US surgeon general warns mental health is an epidemic for young people

In his first major address as surgeon general, Jerome Adams warned Friday that the mental health of young people is a growing problem.

“Today’s youth are becoming tomorrow’s burden of illness or, at best, a possible cause of death,” Adams said in the address delivered in D.C.’s Woodrow Wilson Center.

Adams said that the “creeping” rise in suicides among teenagers, including particularly high numbers of young females, “reminds us that it is time for an earnest national conversation on the increasing prevalence of mental health disorders in our youth.”

Adams singled out the 17 million Americans with major depressive disorder, a condition in which mental and emotional conditions become so severe that they become a barrier to daily life. In his address he touched on the issue of suicide and suicide prevention and said that initiatives at the Department of Health and Human Services and other government departments had helped increase access to help for people in need.

Adams, who was tapped to replace Vivek Murthy as surgeon general in February, outlined three priorities for his tenure: a jump-start on mental health services, educating the public about suicide prevention and improving the mental health delivery system.

“An incredible epidemic is taking place in this country,” he said, referring to the epidemic of opioid abuse and addiction in the U.S.

Adams described an epidemic of bullying and cyberbullying among young people. Bullying, he said, was eroding the self-esteem of those who are “good” and “average” in school. Bullying is also fueling the mental health crisis, he said, and a study had found that a third of kids suffering depression in a year would not seek help because they were embarrassed or ashamed to seek help.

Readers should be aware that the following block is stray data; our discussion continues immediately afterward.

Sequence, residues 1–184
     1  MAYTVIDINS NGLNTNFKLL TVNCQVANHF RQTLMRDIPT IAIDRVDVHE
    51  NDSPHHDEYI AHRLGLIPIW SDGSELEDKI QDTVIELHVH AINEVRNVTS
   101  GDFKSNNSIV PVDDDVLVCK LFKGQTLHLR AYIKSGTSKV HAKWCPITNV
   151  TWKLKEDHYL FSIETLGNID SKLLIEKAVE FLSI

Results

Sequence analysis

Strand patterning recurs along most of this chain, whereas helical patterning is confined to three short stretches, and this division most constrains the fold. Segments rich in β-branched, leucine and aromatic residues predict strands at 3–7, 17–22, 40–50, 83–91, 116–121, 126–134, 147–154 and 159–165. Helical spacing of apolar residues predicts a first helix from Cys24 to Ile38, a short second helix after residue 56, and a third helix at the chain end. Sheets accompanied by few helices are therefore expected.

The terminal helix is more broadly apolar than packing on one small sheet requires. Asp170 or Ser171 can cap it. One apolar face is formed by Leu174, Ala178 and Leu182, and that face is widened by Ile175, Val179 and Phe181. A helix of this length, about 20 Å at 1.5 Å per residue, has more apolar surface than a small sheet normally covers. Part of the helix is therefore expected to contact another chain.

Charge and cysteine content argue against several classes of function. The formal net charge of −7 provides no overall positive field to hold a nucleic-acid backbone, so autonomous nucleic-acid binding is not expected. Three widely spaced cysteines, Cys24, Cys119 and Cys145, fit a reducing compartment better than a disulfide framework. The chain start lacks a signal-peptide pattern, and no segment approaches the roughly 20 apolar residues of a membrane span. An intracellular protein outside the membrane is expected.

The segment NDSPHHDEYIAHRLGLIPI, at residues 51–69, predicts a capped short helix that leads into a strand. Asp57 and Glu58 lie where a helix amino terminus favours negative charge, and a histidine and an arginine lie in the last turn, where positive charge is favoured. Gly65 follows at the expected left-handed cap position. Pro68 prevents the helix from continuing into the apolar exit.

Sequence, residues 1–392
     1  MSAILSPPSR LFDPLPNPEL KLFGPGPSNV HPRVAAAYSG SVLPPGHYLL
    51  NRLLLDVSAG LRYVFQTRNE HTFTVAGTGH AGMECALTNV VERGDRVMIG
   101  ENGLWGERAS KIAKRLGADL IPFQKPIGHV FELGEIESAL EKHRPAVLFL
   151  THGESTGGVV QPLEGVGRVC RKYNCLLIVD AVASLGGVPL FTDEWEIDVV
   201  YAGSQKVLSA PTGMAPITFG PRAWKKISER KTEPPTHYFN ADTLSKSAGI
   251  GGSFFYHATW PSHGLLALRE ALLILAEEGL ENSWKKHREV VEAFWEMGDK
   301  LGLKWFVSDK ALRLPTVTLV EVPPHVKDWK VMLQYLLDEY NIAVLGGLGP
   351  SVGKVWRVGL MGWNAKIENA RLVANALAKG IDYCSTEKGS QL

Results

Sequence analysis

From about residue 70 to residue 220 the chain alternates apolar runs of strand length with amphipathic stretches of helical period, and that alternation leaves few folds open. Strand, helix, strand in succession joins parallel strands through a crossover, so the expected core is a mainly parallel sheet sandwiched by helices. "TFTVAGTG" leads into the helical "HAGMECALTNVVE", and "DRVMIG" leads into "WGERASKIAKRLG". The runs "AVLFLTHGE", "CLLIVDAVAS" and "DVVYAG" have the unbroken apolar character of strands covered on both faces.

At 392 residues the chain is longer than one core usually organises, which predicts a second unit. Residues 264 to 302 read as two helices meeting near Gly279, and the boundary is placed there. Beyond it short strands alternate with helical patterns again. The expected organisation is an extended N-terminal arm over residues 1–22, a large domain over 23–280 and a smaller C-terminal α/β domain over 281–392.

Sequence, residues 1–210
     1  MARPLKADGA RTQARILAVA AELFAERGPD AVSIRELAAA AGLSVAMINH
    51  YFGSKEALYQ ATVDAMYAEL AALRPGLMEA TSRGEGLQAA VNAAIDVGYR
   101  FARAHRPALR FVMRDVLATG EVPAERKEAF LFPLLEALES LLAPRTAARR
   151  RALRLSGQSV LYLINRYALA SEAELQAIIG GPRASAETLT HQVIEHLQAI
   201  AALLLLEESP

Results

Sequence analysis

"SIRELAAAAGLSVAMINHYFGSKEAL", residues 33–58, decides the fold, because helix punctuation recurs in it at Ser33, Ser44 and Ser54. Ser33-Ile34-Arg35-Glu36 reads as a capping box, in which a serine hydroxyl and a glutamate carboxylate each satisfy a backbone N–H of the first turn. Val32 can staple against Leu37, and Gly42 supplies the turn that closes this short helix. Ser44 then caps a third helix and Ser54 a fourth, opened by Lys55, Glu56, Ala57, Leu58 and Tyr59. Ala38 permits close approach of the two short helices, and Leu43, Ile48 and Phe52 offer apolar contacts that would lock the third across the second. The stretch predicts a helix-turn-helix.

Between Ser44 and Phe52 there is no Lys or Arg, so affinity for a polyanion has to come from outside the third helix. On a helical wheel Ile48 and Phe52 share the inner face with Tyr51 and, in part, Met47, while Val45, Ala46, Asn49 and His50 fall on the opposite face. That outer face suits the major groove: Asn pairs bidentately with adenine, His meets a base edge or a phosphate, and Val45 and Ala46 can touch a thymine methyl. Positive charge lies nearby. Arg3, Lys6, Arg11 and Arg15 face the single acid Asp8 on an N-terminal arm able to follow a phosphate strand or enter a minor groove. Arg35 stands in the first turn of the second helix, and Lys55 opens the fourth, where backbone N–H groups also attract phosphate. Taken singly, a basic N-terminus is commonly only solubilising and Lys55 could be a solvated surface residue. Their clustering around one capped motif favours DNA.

In addition to the digital world, Adams said, access to opioids in rural areas was an issue and there were too few services available.

Depression, Adams said, “will become the biggest health care challenge of our time,” and added that mental health disorders cost the health care system $300 billion annually, and the problem was getting worse.

He noted that the United States spends more on health care, including mental health, than any other country, but said other countries invested more and put more resources into prevention and intervention measures.

In his address, Adams stressed the need for more training for medical and nursing students and noted that many medical students lack mental health expertise.

He ended the speech by offering advice for people suffering from depression, saying it was crucial to understand the condition.

“No one knows what it’s like to be depressed,” he said. “To treat it, know the signs. Once you know you’re depressed, seek help.”

Read the full speech.

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